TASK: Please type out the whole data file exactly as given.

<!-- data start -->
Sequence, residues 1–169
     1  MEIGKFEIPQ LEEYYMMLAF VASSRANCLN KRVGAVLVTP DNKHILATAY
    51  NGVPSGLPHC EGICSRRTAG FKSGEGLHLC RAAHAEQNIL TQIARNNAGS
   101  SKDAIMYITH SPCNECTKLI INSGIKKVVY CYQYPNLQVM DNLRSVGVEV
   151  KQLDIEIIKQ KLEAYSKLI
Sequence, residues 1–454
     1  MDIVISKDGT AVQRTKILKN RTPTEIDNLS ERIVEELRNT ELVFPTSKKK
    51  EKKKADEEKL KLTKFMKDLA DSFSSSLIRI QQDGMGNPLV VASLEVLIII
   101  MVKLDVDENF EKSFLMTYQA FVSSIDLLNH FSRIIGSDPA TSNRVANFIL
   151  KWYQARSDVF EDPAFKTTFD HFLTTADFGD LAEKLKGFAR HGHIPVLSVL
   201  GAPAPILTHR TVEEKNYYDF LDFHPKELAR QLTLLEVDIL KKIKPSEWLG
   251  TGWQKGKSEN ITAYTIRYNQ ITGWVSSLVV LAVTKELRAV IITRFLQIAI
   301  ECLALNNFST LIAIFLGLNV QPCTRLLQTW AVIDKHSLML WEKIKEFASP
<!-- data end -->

Sequence, residues 1–169
     1  MEIGKFEIPQ LEEYYMMLAF VASSRANCLN KRVGAVLVTP DNKHILATAY
    51  NGVPSGLPHC EGICSRRTAG FKSGEGLHLC RAAHAEQNIL TQIARNNAGS
   101  SKDAIMYITH SPCNECTKLI INSGIKKVVY CYQYPNLQVM DNLRSVGVEV
   151  KQLDIEIIKQ KLEAYSKLI
Sequence, residues 1–454
     1  MDIVISKDGT AVQRTKILKN RTPTEIDNLS ERIVEELRNT ELVFPTSKKK
    51  EKKKADEEKL KLTKFMKDLA DSFSSSLIRI QQDGMGNPLV VASLEVLIII
   101  MVKLDVDENF EKSFLMTYQA FVSSIDLLNH FSRIIGSDPA TSNRVANFIL
   151  KWYQARSDVF EDPAFKTTFD HFLTTADFGD LAEKLKGFAR HGHIPVLSVL
   201  GAPAPILTHR TVEEKNYYDF LDFHPKELAR QLTLLEVDIL KKIKPSEWLG
   251  TGWQKGKSEN ITAYTIRYNQ ITGWVSSLVV LAVTKELRAV IITRFLQIAI
   301  ECLALNNFST LIAIFLGLNV QPCTRLLQTW AVIDKHSLML WEKIKEFASP